Regionally-specific adaptation dynamics in human object areas

Sharon Gilaie-Dotan, Yuval Nir, Rafael Malach

Research output: Contribution to journalArticlepeer-review


Functional magnetic resonance adaptation (fMR-A, also termed repetition suppression) is a reduction in activity due to repeated image presentations which has been extensively studied in human visual areas. Here we tested whether fMR-A dynamics during sustained image presentations is determined by cortical region or by stimulus category. Nine subjects were scanned while viewing a long sustained presentation of a single face or a house image. Attentional level was maintained throughout the presentation by a demanding contrast detection task. Our results show a clear regional differentiation in adaptation dynamics within high-level visual cortex-especially in the ventral stream. Face-selective regions showed an initial adaptation effect followed by a sustained level of activity for both face and house images. In contrast, activity in house-related regions showed a faster initial decline for houses, which reached essentially to baseline for the non-optimal, face images. The object-related lateral occipital (LO) region exhibited an adaptation profile similar to the face-selective regions. Importantly, within each region, the rate of signal decline from the peak activation was independent of the viewed category (preferred or non-preferred), and this was true for parietal and frontal regions as well. Thus, our results demonstrate that the functional differentiation in ventral stream regions is evident not only in their functional selectivity but also in their adaptation dynamics. Our results suggest regional rather than stimulus specificity with regard to cortical computations. These results demonstrate that the adaptation effect can in fact be compatible with models positing a tight correlation between activity levels and perceptual states.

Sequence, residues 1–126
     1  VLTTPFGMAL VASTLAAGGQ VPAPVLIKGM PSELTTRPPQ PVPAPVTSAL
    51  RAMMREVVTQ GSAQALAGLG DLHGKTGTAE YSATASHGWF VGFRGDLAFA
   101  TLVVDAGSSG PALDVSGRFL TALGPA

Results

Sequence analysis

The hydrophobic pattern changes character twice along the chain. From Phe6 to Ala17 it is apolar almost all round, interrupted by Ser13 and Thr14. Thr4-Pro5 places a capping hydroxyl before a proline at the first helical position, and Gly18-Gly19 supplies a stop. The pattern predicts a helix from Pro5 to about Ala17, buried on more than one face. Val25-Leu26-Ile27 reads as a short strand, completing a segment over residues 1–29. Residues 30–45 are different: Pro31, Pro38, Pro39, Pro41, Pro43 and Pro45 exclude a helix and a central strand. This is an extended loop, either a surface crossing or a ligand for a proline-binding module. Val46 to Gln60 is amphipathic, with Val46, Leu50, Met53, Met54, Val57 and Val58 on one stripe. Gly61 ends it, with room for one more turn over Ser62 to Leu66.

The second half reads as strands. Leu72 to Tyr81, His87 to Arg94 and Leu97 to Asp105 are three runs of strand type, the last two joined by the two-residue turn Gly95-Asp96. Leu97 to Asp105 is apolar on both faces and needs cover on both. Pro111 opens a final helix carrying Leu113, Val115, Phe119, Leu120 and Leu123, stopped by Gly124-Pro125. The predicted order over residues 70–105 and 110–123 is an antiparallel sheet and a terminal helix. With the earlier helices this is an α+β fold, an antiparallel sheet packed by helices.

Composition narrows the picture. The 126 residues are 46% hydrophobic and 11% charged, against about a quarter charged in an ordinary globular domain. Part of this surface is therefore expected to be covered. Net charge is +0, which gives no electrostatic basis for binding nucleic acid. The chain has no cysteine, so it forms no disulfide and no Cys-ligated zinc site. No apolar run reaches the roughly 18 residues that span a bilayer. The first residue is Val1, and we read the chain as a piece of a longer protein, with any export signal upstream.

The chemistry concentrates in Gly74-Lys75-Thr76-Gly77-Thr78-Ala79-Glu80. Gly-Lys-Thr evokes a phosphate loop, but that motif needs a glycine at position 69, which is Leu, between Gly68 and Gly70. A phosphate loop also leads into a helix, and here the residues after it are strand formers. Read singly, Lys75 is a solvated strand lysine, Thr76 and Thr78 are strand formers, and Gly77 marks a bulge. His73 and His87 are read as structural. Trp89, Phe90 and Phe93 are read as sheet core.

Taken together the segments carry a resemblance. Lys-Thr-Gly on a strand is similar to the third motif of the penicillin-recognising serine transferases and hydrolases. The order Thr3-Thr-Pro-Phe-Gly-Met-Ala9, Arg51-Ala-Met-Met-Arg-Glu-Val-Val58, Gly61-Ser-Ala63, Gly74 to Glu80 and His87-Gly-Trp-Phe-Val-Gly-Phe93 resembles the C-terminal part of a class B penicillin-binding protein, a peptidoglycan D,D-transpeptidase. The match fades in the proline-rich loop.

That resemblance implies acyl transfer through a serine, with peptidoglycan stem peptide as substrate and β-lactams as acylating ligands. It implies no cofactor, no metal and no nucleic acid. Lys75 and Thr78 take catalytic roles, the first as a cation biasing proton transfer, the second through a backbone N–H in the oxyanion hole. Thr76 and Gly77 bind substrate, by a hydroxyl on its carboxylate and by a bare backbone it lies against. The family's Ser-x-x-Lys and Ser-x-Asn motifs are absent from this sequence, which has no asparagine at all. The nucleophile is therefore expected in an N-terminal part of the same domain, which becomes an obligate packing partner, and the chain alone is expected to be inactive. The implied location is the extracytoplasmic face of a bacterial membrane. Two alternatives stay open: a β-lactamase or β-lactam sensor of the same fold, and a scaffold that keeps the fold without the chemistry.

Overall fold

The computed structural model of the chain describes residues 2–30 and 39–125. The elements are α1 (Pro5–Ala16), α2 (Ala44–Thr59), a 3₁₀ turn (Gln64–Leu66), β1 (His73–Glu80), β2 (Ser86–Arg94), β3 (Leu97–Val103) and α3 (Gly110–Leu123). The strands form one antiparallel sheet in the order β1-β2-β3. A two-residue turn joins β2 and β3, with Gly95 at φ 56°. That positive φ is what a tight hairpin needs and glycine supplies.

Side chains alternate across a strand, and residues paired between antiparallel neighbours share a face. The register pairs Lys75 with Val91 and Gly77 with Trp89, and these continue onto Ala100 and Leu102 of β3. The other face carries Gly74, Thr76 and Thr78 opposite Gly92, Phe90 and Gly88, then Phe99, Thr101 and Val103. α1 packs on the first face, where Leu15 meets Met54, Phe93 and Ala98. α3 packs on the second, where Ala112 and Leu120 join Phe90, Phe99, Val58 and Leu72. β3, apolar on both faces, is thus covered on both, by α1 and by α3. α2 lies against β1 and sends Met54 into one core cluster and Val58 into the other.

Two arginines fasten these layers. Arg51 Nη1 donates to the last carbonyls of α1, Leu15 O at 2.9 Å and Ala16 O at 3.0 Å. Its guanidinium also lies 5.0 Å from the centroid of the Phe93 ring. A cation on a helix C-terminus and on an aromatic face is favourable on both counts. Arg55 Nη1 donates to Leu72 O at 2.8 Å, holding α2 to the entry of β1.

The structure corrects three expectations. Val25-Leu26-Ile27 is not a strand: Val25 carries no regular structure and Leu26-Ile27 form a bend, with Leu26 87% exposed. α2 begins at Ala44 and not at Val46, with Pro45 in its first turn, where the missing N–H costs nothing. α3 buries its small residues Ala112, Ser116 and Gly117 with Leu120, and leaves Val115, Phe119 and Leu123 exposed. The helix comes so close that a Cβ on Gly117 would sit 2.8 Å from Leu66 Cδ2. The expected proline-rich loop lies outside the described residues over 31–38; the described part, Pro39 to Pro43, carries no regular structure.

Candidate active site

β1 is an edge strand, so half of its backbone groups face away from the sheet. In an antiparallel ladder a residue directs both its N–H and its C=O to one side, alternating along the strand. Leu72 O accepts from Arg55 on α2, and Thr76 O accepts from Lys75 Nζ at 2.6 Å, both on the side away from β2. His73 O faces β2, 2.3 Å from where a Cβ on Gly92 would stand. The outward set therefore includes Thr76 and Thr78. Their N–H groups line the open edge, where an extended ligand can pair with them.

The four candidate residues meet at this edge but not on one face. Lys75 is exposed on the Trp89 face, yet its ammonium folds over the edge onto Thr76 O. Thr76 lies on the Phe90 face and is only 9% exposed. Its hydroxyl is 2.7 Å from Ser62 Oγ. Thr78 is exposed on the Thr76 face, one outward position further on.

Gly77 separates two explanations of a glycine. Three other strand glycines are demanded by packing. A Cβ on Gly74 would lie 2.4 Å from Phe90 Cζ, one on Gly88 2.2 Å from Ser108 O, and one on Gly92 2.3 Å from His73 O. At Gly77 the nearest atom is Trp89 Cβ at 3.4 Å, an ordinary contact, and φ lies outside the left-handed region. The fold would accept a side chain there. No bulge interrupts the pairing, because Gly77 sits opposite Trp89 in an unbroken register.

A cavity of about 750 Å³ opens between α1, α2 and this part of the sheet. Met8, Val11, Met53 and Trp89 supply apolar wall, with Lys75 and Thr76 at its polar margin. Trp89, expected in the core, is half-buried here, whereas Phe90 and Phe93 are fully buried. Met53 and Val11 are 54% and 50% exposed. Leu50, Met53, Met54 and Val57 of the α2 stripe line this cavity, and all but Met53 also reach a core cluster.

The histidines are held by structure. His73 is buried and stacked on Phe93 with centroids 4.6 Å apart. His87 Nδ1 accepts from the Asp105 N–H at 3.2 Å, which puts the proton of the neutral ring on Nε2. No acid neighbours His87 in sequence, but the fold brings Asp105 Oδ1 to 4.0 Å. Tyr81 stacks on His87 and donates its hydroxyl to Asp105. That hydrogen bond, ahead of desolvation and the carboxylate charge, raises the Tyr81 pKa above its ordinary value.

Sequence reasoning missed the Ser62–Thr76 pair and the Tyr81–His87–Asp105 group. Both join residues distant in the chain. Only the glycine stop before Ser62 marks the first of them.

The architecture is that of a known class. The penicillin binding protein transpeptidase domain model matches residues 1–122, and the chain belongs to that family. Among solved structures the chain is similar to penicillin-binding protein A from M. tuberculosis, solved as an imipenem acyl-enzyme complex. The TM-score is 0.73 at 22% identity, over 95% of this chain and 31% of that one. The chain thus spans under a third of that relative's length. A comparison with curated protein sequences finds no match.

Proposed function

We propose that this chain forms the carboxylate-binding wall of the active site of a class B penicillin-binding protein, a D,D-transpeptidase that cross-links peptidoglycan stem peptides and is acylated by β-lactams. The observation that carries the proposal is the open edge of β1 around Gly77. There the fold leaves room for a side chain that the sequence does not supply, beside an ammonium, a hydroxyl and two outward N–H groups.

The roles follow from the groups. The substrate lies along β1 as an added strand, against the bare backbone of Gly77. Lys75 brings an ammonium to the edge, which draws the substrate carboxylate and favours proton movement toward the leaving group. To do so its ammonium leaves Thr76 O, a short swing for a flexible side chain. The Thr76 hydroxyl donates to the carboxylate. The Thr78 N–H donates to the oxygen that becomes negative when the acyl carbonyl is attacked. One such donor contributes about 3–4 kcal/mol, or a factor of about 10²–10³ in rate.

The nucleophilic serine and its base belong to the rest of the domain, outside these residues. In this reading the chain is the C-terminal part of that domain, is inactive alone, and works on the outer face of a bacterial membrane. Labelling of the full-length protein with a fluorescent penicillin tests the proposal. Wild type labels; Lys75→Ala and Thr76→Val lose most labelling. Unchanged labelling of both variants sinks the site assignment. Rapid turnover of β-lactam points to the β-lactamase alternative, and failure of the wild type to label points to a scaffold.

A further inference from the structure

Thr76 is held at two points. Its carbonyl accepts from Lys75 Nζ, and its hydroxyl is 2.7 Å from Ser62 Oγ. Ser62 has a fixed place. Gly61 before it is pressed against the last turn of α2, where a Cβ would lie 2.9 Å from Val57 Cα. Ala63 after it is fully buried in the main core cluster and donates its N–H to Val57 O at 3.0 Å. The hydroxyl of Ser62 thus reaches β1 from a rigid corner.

Original languageEnglish
Pages (from-to)1926-1937
Number of pages12
Issue number4
StatePublished - 15 Feb 2008
Externally publishedYes


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